Half Citizens: nearly 90,000 Nevadans cannot vote due to past felony convictions
According to Restore Your Vote, some 90,000 Nevadans cannot vote due to past felony convictions. The Brennan Center for Justice estimates more than 6 million Americans are unable to vote because of a felonious past.
Felonies are major crimes that range in severity from premeditated murder to tax evasion. Sentences run from the death penalty to a few years in prison, as opposed to time in a city or county jail for a misdemeanor or minor crime, but felonies come with post-conviction consequences.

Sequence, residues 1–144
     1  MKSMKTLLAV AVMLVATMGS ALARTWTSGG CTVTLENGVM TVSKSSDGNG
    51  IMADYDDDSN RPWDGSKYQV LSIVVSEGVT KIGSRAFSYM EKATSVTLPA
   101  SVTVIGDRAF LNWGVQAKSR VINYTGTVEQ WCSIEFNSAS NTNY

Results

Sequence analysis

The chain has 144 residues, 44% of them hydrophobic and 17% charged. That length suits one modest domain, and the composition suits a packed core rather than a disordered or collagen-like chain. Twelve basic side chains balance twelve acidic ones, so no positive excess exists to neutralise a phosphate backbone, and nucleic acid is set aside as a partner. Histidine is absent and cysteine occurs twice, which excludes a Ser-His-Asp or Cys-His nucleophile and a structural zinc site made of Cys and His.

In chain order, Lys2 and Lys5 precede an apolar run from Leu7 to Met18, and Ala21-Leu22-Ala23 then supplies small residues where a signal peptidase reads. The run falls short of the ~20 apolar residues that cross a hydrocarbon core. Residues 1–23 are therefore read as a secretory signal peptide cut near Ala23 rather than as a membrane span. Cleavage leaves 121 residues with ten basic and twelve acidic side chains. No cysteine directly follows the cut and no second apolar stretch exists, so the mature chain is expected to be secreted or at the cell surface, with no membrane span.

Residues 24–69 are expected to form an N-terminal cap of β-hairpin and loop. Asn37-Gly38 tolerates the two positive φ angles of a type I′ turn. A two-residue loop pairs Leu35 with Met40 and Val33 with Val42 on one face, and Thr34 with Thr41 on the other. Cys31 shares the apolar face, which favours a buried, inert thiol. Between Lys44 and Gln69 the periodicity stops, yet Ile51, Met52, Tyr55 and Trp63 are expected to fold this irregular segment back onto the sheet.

There is no federal law that affects a felon’s civil rights. State laws decide whether felons can vote, serve on juries, own firearms or hold public office, for instance. In Maine and Vermont, felons never lose their right to vote and are allowed to vote from prison, but according to the National Conference of State Legislatures, Nevada is one of the 13 most restrictive states when restoring felon voting rights.
In Nevada, voting disenfranchisement laws are complicated. Before 2003, all felony convictions came with lifetime disenfranchisement in Nevada. Today, Nevadans with first-time felony convictions typically have their voting rights automatically restored upon completion of their sentence, but more serious “category A” and “category B” felonies require an individual to petition the court in order to restore their voting rights.
Read the full article